“There is a lot of information that comes at us and we have to make some quick decisions as to what’s relevant and what’s not. In some cases that involves looking at a variety of sources of data, doing natural language processing, entity extraction, deduplication, deconflicting of information, automatic categorization of data, normalization, etc. What we’re doing is coming down with one risk event that is well understood…then after that we can do correlation with dynamic assets,” says Mouline.
This allows them to figure out how many people are in a specific area, and say, if there’s an exepected storm surge, to immediately send out a push notification to let those in the area know that they need to move away. “This has to be done extremely efficiently and at scale because obviously latency can be one of our biggest enemies,” says Mouline.
Publicly available information (PAI) plays a very important role in disaster alert technology. Babel Street’s technology, Babel X, utilizes natural language processing to gather and decipher publicly available information and displays it in a platform that helps break down and visualize that data during a crisis event. This PAI can be everything from blogs to social media to even dark web content.
With the prevalence of social media as a preferred vehicle for communication, being able to leverage that stream of data in a crisis is more critical than ever.
“It’s how people have come to communicate,” says Babel Street CEO, Jeff Chapman. While cell lines can go down in a hurricane or even during a large-scale crisis such as the Boston Marathon Bombings when cell service was jammed, Wi-Fi is often still available, leaving social media as an effective way to reach many people at once. “It could also just be their comfort for how they communicate,” says Chapman.
In order to have the most accurate picture of a crisis event, many different sources need to be tapped for information.
“We have relationships with data providers, and normally we’re hitting their APIs to collect information. We run in the cloud and we’re collecting information at scale. It can range anywhere from form a few hundred documents a second, all the way up to 5-10K documents a second. A document for us can be an individual posting or a full blog entry. That is then brought in and curated,” says Chapman.
Once the data is collected from these sources it needs to be parsed and packaged in order to be able to send alerts that are customized by the user.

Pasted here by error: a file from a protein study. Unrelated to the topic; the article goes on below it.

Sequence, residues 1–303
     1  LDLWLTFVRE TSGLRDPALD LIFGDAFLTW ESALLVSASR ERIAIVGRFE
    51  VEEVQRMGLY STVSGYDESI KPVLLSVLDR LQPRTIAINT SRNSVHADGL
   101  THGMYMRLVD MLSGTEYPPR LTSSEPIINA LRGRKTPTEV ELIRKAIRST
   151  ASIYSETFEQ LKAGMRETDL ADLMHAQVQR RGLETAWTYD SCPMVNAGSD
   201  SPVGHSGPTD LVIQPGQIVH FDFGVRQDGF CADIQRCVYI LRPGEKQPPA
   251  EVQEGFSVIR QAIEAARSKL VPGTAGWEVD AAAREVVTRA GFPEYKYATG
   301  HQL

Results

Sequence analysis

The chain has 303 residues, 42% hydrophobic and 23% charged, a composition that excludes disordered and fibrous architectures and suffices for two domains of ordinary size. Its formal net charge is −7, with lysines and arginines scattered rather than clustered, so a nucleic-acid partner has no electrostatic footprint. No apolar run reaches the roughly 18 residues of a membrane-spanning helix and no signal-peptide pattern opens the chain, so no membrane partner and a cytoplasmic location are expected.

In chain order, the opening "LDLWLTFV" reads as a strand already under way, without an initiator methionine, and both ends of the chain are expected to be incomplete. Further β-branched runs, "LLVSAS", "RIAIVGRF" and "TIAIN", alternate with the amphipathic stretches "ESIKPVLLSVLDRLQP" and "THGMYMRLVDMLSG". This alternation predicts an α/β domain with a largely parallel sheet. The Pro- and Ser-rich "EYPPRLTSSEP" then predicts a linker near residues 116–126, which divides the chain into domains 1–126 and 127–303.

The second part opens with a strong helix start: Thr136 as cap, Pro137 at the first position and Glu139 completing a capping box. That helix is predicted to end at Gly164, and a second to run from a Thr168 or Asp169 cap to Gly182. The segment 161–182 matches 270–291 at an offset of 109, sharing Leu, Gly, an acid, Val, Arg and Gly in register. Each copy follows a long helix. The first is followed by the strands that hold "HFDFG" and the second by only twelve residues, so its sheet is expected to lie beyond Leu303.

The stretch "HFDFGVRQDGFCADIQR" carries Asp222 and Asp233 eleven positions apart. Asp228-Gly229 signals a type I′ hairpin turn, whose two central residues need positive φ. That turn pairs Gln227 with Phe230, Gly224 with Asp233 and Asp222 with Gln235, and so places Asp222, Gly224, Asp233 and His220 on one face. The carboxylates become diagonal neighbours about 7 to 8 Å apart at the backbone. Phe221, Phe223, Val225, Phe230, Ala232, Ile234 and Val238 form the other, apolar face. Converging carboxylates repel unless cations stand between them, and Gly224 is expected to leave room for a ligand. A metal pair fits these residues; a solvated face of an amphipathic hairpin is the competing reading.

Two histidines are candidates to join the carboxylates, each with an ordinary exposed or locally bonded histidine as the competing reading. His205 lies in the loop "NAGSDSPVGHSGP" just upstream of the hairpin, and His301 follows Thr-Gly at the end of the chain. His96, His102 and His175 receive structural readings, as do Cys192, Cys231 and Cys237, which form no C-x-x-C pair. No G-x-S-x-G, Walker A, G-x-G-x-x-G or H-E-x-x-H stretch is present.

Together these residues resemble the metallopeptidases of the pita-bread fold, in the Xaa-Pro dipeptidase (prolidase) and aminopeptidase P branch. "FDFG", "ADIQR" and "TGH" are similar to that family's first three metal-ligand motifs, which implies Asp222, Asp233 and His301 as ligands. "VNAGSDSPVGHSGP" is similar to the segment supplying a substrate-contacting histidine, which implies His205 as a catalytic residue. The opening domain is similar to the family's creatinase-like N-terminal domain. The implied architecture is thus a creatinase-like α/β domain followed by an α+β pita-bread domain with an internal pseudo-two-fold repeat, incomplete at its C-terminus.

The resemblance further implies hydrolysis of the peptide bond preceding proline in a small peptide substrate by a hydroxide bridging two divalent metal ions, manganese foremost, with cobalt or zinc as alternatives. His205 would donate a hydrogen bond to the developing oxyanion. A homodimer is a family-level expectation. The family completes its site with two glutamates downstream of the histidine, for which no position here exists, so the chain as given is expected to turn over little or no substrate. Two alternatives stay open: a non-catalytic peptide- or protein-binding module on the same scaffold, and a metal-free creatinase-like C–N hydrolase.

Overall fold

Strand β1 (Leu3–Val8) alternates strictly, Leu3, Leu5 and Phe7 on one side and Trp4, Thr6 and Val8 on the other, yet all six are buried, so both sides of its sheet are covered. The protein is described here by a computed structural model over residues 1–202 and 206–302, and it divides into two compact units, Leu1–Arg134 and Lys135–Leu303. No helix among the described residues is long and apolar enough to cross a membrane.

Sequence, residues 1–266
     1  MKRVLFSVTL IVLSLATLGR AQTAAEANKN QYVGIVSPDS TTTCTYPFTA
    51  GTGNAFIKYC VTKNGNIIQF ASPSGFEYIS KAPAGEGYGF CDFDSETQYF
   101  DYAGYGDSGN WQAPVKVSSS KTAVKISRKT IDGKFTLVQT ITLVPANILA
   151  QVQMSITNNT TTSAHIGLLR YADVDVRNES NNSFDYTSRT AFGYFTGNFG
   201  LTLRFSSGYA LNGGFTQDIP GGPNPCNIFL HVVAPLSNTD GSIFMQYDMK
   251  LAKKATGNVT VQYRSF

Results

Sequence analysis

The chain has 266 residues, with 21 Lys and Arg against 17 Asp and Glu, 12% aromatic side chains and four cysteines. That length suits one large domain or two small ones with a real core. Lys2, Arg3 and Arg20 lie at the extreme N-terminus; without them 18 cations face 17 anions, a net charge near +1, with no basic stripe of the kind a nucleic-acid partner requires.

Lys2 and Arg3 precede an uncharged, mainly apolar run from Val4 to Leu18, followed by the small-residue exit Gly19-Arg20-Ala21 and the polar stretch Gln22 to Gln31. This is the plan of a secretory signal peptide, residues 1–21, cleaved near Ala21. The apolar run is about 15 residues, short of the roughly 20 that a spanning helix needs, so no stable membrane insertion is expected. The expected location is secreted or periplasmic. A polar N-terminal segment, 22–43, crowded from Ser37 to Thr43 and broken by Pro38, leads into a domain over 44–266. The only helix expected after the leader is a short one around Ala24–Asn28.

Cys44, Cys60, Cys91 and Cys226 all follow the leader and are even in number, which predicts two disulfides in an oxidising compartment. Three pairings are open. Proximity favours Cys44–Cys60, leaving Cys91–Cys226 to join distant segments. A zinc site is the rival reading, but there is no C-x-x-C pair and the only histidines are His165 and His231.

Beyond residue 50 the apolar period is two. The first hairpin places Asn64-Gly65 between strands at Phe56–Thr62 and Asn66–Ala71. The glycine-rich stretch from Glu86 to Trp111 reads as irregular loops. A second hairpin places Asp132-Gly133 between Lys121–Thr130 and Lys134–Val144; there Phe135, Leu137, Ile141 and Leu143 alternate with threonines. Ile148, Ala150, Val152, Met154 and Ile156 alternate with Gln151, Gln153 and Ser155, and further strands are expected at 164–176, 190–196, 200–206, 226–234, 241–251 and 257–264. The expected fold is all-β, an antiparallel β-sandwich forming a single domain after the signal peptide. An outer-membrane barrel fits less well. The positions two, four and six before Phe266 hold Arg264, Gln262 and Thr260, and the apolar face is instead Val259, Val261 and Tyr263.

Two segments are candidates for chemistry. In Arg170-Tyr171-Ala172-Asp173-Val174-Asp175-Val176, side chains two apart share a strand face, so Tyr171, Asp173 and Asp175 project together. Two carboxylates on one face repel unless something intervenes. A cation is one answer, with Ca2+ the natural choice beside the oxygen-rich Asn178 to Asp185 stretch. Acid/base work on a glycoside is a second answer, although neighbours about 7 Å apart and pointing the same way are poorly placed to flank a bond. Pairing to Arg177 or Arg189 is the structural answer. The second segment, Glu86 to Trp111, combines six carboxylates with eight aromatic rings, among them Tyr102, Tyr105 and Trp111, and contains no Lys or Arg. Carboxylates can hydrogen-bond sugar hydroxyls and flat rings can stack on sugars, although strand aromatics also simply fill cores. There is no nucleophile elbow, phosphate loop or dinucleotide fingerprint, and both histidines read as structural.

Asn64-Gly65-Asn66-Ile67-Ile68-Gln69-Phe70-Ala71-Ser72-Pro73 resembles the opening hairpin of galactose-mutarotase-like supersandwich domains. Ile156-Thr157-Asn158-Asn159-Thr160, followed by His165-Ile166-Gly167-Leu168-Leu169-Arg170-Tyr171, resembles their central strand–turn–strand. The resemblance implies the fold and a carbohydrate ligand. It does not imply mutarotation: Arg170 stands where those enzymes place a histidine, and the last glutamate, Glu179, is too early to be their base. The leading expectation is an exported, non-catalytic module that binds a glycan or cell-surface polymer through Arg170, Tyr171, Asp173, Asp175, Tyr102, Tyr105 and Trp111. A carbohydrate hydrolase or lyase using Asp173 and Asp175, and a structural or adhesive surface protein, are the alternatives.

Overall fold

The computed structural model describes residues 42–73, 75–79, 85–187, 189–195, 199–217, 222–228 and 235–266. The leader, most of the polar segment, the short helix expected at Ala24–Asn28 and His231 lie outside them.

“Once we identify the language of the information that is coming in, the system gets a whole bunch of rules on how to handle it. Natural language processes take place then. Once we extract entities, we tag those and make them useful. We handle all of our knowledge in native language and then if needed, translate it for the user,” says Chapman.
It’s clear that this industry has made major strides from the days of Facebook Safety Check and is using some of the most advanced technology practices available today.
“From a pure technical perspective, there’s been huge advances…Two-three years ago we were using the cloud to scale the old-fashioned ways, autoscaling by adding additional server instances, etc. Today we do it through infrastructure as code. It’s a radically different approach,” says Mouline.
Mouline also says that he’s seen a shift in mentality about this type of technology, especially when it comes to organizations taking a role in the safety and security of their employees.
“What we do know is that there have been radical shifts, especially outside the US, around the need for duty of care, whether people are at work or whether they’re outside of working hours. That used to be a concept that simply did not exist. Now, the idea is, if you have employees that are traveling, even if they’re off the clock, they are still your responsibility as a company,” says Mouline.
One of the biggest impacts of this shift were the attacks on Paris in November of 2015, says Mouline, that left over 200 people dead.
“All of a sudden, the issue of protecting employees regardless of where they are, became a board level discussion and in many cases a board level imperative. That’s the corporate view, but we’re seeing this on the public safety view as well. Outside of the US, we’ve seen deployments on the country level,” says Mouline.
While the approach to disaster alerts varies based on their customer and the breadth of that coverage, says Mouline, in the end, they’re working toward the same goal each time. “Make sure that we know who is impacted by a particular issue, and ultimately communicate with them in the most efficient way.”
Emily Johnson is the digital content editor for InformationWeek. Prior to this role, Emily worked within UBM America's technology group as an associate editor on their content marketing team. Emily started her career at UBM in 2011 and spent four and a half years in content ... View Full Bio